Wednesday, January 30, 2008

Soda Bottle Pots

Time to raid the recycling bin!

This is a little trick I use when I don't have enough pots for relatively small plants. The single serving soda bottles are perfect for seedlings and the two-liters are great for something a little more substantial. Since my husband has a Diet Dr. Pepper addiction, I have a nearly endless supply of the two-liters....

Bottle Pots Before & After

Get a hold of your bottle, remove the label, and rinse it out. Now that it's clean, the first major step is to slice the bottle roughly in half. It'll take you a couple tries before you know just how deep you want each "half" to be. I usually cut mine just a bit below the half-way mark (as shown below), making the top part (which will hold the soil) as deep as possible. As long as the top half sits will in the bottom half, just go with whatever variation suits your purposes.
Slice the Pot in Half

The most attractive way to cut the bottle in half is to pick your spot, turn it on it's side, and saw through it carefully. You'll need either a fine-toothed saw or a very large kitchen knife you don't care too much about. Another option, though a less attractive one, is to hack at the bottle with kitchen shears. That's what I did this time around, since these pots are temporary anyway. To get it started, you may need to pinch part of the bottle and snip it, then unpinch it and start cutting your way around.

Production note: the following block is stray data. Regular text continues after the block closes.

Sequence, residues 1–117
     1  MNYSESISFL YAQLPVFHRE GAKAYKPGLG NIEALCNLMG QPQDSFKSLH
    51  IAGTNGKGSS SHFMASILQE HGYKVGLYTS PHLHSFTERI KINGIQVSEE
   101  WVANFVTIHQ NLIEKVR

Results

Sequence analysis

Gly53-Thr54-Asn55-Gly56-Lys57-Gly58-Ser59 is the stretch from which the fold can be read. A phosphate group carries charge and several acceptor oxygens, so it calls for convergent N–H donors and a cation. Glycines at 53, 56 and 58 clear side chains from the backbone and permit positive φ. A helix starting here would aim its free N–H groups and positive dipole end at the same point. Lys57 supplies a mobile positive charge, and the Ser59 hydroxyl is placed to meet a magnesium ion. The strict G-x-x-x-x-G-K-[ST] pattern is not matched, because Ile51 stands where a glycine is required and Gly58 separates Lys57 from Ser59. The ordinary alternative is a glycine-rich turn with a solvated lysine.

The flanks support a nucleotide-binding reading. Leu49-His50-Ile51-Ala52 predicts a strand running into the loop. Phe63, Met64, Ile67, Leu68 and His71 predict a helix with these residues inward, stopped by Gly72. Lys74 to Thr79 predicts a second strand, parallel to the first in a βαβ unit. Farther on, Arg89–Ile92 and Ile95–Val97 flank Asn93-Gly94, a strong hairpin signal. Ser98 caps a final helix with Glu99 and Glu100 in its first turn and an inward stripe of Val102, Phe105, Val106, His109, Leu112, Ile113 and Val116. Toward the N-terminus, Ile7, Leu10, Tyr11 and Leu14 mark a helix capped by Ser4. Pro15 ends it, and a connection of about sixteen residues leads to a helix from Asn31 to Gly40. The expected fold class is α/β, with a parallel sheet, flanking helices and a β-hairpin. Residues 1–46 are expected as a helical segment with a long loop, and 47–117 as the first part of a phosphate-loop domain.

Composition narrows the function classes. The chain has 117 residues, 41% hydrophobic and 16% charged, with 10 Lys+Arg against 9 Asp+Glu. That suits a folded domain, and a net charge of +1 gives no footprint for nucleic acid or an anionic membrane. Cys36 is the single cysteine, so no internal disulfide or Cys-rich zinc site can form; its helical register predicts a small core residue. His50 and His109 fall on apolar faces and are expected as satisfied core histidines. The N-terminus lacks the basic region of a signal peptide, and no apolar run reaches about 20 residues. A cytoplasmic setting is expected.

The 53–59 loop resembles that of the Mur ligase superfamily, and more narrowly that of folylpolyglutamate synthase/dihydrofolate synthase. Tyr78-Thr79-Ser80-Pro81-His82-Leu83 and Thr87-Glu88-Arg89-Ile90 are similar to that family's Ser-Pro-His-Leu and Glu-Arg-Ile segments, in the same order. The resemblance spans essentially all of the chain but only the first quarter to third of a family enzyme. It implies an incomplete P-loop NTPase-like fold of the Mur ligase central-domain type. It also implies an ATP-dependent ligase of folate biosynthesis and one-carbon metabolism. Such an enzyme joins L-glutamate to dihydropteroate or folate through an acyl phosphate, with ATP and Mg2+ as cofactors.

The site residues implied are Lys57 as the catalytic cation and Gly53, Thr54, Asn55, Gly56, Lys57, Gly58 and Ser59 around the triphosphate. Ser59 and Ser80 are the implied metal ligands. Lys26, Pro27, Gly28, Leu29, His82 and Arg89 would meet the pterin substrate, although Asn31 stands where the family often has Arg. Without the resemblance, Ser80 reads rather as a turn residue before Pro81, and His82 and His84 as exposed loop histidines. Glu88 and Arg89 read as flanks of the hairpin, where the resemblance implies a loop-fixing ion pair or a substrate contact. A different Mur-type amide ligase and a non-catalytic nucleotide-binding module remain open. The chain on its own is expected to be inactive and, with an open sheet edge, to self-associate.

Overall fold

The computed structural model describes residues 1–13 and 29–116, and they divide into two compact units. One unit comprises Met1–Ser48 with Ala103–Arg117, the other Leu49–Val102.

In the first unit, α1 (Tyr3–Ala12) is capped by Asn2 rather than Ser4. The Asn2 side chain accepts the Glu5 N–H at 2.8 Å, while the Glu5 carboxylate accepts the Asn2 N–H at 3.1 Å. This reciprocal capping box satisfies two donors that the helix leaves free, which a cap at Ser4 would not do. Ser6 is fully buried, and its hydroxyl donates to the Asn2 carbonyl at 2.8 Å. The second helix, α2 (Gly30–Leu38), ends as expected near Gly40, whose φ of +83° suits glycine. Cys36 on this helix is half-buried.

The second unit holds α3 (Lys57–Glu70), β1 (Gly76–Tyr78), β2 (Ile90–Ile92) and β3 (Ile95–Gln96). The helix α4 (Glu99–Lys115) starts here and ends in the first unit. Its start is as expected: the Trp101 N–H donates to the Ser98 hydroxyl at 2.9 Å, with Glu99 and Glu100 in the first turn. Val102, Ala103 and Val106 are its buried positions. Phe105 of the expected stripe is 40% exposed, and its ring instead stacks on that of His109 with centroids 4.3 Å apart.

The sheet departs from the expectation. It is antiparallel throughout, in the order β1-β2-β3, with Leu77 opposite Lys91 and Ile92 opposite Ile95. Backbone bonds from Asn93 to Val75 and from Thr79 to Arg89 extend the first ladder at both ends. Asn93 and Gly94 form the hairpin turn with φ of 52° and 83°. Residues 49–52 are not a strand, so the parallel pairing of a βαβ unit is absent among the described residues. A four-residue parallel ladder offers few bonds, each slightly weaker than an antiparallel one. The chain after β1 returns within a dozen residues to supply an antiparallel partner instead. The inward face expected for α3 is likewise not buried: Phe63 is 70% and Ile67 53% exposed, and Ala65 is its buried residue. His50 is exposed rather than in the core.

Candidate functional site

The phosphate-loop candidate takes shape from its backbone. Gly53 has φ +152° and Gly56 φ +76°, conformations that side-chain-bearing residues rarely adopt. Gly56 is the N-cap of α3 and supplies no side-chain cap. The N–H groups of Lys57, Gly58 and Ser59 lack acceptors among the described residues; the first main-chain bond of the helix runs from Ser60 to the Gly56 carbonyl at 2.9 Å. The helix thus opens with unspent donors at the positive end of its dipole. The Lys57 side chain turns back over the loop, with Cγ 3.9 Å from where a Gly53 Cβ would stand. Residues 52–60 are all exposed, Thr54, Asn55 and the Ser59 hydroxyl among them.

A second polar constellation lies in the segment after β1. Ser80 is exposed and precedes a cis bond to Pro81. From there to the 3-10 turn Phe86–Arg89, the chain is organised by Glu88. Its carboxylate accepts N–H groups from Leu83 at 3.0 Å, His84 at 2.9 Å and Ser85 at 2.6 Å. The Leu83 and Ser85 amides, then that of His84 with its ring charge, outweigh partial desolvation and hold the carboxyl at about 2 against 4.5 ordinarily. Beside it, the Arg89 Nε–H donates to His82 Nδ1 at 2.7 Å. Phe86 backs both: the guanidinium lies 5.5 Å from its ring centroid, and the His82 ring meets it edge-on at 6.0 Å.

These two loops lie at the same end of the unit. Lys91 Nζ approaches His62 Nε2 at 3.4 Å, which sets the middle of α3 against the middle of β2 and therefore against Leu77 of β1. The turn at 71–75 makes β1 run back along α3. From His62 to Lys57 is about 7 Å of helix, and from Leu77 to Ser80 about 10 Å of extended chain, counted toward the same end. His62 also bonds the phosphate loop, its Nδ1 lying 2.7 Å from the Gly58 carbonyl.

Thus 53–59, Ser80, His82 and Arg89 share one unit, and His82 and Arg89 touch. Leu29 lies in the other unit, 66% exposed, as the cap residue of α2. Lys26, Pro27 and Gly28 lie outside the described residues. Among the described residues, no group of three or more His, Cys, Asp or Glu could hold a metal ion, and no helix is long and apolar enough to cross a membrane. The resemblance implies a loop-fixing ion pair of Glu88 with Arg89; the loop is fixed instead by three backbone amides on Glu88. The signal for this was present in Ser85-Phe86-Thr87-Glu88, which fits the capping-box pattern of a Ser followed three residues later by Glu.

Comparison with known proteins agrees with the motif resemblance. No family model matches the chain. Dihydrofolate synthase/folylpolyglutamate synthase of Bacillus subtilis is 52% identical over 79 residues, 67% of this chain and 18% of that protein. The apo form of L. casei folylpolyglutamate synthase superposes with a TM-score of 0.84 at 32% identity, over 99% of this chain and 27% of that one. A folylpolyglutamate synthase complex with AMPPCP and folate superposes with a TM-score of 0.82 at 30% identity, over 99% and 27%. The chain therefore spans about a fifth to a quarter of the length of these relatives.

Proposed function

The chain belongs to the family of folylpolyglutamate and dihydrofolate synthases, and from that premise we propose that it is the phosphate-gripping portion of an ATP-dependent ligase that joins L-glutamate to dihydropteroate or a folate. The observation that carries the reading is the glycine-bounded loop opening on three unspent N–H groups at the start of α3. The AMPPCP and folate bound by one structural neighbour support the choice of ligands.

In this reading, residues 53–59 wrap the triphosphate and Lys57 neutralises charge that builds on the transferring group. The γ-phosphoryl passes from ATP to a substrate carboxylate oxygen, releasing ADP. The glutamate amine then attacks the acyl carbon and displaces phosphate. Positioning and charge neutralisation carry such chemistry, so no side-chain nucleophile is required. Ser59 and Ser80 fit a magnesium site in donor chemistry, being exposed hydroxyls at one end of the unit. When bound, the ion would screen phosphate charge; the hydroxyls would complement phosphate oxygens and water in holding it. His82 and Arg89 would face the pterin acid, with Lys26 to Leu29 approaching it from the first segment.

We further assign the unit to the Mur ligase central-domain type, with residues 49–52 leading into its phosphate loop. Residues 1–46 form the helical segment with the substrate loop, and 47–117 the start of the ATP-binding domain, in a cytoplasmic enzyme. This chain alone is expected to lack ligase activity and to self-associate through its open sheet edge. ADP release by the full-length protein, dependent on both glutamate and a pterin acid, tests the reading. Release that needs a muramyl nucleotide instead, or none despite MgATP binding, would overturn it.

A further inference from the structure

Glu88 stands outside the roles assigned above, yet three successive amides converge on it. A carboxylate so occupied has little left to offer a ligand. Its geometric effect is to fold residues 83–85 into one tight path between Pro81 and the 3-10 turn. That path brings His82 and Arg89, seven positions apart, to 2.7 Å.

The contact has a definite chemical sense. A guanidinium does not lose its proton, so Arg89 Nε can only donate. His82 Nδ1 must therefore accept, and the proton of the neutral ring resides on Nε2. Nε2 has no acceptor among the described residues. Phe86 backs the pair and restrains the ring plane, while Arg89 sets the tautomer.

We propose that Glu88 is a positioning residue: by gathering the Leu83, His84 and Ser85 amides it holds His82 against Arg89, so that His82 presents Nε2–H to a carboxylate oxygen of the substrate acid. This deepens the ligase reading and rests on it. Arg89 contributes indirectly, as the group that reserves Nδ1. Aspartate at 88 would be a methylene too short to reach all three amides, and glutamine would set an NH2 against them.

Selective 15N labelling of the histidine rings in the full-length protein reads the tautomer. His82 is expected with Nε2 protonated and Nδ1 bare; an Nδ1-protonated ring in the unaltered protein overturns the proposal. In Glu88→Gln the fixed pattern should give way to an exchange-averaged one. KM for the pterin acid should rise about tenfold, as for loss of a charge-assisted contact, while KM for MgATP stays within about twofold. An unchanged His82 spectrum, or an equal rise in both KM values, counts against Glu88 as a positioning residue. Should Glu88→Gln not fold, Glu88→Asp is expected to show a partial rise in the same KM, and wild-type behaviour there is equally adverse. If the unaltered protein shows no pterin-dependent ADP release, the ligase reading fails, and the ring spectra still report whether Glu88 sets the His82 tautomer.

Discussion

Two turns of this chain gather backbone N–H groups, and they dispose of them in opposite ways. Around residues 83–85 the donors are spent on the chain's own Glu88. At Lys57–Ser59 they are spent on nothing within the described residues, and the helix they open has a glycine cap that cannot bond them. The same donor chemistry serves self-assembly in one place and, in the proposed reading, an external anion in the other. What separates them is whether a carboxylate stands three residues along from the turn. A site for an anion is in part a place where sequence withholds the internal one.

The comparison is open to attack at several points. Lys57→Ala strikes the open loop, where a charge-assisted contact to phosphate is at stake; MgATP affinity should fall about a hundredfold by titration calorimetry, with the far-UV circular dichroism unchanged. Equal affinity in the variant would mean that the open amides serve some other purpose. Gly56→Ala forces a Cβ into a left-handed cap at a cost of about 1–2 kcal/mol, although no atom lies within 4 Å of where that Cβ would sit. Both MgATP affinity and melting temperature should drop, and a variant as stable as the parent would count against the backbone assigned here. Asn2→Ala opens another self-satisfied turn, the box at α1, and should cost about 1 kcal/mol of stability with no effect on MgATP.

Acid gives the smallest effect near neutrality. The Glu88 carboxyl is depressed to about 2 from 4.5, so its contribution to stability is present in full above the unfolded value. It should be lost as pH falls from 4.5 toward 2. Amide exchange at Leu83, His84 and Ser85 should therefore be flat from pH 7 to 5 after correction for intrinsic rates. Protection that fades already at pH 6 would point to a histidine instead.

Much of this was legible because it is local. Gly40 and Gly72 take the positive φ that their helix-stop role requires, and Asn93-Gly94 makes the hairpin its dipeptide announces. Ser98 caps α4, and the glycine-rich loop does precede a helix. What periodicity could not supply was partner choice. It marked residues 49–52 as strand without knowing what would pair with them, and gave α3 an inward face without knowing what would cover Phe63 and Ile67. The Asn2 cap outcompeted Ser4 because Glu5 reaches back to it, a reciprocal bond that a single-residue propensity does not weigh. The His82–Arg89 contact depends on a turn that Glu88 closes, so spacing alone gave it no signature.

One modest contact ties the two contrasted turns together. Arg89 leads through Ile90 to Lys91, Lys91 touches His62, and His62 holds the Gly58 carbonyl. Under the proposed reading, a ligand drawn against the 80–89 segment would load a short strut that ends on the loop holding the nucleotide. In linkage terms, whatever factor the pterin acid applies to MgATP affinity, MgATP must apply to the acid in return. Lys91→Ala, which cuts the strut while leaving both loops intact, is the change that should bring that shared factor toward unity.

Start the Cut

Now you should have the makings of a soda bottle pot before you! If the top inverts into the bottom as you like, let's start thinking about drainage. Leaving the cap on won't allow any drainage at all, but taking it off will mean all of your soil washing into the bottom. The solution is to put some holes in the cap. If you have a drill handy, use that. If you don't, then here's what I do when I don't feel like digging out the drill for small jobs. Take a nail and hold the end of it in a flame with a pair of pliers for about 15 or 20 seconds. The blue part of the flame is the hottest, so aim for that.
Heat the Nail

Now, still using the pliers, quickly but carefully press the tip of the hot nail through the cap as shown below. If your nail is hot enough, it should melt right through with just a little pressure. Three holes should do it, but you'll need to reheat the nail between each hole. Please make sure you're in a well ventilated area so you're not breathing chemicals from the melting plastic.
Melt Holes

Put that cap back on the bottle, invert the top into the bottom, fill with soil, and plant! This one is pretty ugly. It was a rush job, just to get the baby strawberry plant into some soil. You can cut it much more nicely and even decorate it if the pot will be used long-term.
Finished Bottle Pot

When you're done with the pot, please don't forget to recycle it!!!